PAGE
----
The agencies said Tuesday that financial institutions and payment companies should not participate in any transactions related to cryptocurrency, nor should they provide crypto-related services to their clients.
“Prices of cryptocurrency have skyrocketed and plummeted recently, and speculative trading has bounced back. This seriously harms the safety of people’s property and disturbs normal economic and financial orders,” said the statement from regulators supervised by the People’s Bank of China and the China Insurance and Banking Commission.
China’s chilly stance toward cryptocurrency goes back years. While the country doesn’t completely ban cryptos, regulators in 2013 declared that bitcoin was not a real currency and forbade financial and payment institutions from transacting with it. At the time, they cited the risk that bitcoin could be used for money laundering, as well as the need to “maintain financial stability” and “protect the yuan’s status as a fiat currency.”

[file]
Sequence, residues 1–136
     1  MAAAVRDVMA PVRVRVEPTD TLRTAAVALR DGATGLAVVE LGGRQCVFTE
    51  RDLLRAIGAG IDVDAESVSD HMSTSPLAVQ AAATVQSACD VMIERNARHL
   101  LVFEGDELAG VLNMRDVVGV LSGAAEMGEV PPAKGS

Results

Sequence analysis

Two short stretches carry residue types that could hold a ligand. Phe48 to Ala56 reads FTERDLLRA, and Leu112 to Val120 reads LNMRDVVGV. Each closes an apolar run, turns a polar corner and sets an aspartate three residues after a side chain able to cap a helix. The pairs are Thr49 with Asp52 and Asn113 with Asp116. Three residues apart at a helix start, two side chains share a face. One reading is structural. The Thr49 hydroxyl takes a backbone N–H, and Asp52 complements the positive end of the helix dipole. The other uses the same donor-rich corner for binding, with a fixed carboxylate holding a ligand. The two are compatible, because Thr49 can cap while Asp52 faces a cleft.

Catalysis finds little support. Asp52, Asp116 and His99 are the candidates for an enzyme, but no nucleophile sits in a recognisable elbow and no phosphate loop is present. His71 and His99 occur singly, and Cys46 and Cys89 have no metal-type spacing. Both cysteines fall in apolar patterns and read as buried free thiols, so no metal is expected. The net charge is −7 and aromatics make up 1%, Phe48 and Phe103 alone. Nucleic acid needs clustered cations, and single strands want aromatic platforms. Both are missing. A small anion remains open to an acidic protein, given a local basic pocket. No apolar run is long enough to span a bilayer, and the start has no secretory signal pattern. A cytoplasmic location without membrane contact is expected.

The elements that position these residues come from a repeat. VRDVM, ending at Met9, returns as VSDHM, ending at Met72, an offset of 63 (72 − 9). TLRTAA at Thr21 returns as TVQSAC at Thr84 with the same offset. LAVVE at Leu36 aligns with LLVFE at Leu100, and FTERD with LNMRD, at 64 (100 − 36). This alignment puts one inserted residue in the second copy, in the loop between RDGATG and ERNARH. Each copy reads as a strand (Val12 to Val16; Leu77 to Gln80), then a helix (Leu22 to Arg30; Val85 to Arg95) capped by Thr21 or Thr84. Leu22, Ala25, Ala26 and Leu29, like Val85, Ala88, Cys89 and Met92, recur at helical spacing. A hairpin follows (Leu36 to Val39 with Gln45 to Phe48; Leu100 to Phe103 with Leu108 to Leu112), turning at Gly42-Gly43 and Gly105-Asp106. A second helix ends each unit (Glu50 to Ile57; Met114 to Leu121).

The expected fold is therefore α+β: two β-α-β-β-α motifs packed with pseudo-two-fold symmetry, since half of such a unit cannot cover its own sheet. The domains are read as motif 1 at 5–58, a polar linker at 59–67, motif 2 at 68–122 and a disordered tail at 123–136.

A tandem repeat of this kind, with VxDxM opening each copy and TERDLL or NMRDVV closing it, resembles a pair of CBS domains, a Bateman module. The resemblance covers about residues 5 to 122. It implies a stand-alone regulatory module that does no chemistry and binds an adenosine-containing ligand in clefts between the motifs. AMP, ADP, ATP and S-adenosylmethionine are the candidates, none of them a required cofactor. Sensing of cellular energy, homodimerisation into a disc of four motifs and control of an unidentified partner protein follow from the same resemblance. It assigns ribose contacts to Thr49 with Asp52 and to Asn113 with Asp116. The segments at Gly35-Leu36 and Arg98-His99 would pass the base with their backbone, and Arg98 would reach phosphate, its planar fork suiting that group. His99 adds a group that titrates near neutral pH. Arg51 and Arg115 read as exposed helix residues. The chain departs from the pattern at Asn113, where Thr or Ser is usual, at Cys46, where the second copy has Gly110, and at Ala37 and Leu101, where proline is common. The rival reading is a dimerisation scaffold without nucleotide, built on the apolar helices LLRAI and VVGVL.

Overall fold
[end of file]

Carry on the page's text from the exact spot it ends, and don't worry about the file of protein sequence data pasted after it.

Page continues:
Members of the public can hold or trade cryptocurrencies, but major exchanges in mainland China have been shut down. Authorities in 2017 also banned initial coin offerings, a way for tech startups to raise money by issuing crypto tokens to the public.
Still, it shows that China isn’t changing its tack on crypto anytime soon — and that seemed to be enough to worry traders.
“The Chinese position on cryptocurrencies is clear from the beginning: trading and usage of cryptocurrencies are simply forbidden,” wrote Ipek Ozkardeskaya, senior analyst at Swissquote, in a Wednesday research note. “Therefore, the news is nothing ‘new’, but given that crypto traders are too sensitive to negative news nowadays, it adds to the downside pressure on cryptocurrencies.”
Even before the latest announcement from China, Tesla’s Musk had already sent crypto markets on a wild ride.
Even so, the two cryptos are still astronomically higher than they were a year ago. Bitcoin is up more than 30% in the year to date, according to Coindesk, while Ethereum and Dogecoin have rallied more than 255% and more than 7,500%, respectively.
—Anneken Tappe contributed to this report.